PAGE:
- the explicit ideological (ethical and political) dimension of a literary work (i.e. the values represented and/or advocated in it)
- the work qua literature, and the discursive import of literature as such, i.e. the relationship between its epistemic, artistic and ethical dimension.
This relationship is fundamentally historical, and largely determined by philosophical and aesthetic perspectives (Classic, Romantic, Modernist, Postmodern), but it allows for different important nuances even within any single historical moment.
I have taken the liberty of violating in my title the linguistic expectation of a doxa that talks about “the moral of the fable” in order to be critical of mainstream assumptions about the possibility of neatly severing form from content, particularly in the case of literary narratives. The “and” in my title does not wish to spell either an opposition or a conclusive configuration between “moral” and “fable” (“the moral or the fable” was a tempting pun, but I rejected the disjunctive “or” on the ground of its crude oppositional implications).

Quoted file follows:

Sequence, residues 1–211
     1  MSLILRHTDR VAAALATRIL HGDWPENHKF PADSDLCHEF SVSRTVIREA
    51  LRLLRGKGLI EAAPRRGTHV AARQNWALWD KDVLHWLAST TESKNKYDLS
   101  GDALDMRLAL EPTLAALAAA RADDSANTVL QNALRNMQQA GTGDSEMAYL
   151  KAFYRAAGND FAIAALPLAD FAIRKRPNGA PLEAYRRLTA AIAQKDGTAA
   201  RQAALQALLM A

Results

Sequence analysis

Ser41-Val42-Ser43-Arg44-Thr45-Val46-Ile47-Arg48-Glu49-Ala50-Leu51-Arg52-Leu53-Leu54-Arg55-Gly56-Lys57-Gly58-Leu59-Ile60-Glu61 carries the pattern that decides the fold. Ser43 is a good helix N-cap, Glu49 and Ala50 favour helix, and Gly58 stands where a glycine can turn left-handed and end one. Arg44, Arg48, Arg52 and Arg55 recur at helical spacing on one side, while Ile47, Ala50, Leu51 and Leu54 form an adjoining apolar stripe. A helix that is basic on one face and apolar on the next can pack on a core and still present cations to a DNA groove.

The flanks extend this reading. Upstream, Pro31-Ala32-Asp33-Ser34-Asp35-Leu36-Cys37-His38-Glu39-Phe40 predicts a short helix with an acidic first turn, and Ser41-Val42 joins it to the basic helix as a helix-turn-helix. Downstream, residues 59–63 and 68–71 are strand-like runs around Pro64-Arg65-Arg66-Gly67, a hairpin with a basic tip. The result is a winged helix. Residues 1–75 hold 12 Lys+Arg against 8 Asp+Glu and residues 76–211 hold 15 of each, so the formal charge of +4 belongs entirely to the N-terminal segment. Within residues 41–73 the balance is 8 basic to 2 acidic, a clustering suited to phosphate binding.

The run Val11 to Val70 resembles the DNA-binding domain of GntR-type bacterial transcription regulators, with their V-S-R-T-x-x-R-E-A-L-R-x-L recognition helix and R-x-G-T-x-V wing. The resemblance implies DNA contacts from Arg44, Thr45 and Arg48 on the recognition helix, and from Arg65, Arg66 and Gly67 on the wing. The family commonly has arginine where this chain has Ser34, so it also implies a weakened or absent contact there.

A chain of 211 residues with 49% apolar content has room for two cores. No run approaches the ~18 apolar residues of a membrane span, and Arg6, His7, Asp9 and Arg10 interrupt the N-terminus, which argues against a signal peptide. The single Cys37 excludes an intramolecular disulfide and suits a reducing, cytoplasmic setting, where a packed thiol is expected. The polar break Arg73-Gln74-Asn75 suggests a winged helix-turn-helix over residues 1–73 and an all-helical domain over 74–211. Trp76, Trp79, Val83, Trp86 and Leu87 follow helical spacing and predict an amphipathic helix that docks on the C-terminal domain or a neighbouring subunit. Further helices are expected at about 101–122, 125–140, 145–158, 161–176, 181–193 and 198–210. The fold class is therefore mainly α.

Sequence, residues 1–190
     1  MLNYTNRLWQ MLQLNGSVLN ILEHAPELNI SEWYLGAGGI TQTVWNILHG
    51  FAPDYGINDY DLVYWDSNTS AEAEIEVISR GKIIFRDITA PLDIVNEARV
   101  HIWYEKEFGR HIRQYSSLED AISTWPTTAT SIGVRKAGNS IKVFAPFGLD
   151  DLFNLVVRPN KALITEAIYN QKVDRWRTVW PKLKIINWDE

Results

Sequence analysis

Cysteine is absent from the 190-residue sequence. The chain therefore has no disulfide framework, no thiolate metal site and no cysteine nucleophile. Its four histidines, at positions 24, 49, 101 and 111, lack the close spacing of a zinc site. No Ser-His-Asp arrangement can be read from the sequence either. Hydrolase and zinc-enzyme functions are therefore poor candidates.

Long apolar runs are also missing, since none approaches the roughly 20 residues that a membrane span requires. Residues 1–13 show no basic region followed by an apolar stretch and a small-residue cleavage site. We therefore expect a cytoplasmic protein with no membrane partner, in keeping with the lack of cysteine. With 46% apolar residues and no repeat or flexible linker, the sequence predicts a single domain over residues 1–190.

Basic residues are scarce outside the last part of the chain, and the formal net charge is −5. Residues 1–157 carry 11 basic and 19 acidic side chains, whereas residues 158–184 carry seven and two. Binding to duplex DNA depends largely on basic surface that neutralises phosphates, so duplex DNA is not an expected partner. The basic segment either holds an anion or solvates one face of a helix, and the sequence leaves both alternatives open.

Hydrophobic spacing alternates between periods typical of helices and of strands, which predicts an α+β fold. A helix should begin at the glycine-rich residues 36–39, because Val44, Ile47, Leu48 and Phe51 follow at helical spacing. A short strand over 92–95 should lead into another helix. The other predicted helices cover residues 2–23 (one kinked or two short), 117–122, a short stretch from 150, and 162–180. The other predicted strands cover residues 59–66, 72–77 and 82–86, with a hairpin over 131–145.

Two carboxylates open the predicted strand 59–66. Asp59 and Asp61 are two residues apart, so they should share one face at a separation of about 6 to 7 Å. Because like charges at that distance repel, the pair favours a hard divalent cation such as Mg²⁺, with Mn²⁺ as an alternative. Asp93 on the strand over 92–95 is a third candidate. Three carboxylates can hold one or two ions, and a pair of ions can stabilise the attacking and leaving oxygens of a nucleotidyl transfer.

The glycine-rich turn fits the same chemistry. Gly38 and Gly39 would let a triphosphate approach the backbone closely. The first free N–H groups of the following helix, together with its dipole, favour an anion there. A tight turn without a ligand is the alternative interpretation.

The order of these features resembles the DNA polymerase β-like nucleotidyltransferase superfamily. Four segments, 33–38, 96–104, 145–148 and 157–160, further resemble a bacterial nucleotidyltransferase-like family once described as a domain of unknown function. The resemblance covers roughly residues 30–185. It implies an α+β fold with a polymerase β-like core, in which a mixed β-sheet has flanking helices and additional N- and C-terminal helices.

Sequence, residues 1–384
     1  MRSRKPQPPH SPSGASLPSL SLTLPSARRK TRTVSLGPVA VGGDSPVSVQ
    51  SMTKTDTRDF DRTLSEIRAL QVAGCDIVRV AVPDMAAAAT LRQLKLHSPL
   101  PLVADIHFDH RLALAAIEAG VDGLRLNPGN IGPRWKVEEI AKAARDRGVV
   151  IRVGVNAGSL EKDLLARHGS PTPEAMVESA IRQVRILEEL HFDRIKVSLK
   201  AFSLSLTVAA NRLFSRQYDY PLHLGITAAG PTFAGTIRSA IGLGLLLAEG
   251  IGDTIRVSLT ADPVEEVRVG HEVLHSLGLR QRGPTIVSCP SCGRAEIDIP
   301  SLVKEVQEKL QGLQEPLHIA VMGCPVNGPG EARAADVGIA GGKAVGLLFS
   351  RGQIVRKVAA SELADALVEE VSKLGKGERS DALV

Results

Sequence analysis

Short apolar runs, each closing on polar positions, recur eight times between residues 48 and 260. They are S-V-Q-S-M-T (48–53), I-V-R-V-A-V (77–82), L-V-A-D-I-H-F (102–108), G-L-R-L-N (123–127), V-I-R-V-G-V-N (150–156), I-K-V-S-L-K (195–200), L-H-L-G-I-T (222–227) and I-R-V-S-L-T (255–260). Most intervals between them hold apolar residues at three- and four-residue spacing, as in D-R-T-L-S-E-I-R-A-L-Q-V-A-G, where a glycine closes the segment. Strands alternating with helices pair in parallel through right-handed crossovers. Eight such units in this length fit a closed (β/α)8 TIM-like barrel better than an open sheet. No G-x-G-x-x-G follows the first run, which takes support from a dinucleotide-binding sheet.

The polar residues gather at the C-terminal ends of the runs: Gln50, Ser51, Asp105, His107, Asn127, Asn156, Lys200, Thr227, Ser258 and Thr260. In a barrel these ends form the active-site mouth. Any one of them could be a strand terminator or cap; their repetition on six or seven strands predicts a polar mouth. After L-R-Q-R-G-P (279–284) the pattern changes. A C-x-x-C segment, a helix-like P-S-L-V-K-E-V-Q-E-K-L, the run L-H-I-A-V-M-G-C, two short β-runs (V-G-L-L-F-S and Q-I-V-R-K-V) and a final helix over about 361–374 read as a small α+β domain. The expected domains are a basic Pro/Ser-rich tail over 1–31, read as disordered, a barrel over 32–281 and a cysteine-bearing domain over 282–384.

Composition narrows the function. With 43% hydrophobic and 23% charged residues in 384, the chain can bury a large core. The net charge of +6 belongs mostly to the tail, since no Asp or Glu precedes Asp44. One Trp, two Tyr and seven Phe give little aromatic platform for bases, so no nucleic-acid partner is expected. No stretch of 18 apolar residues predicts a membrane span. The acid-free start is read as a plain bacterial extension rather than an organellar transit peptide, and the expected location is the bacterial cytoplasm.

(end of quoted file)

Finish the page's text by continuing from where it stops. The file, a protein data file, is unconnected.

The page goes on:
I will therefore investigate the relationship between the values represented in a text and the ways literature has of “being ethical” amongst the human sciences. King Lear and Jane Smiley’s A Thousand Acres will be taken as case studies.
My notion of “dialogic reading” (2003; ) and my thesis on “The Ethical Use(s) of Literary Complexity”(2009) will be part of my theoretical references, together with specific takes on the work of Bakhtin, Barthes, Deleuze and Pasolini. After Bakhtin we cannot ignore that “external” values enter the work of art through the author’s discourse and not in a supposedly transparent and unmediated representation. My point here is, in a sense, to shift focus from reader to writer, or better to “writing” ( in Barthes, Pasolini and Deleuze) in order to show how writing is what variously connects the moral and the fable, and is responsible for the ethical and meta-ethical effects of literature.
Cognitive Science and the Value of Literature for Life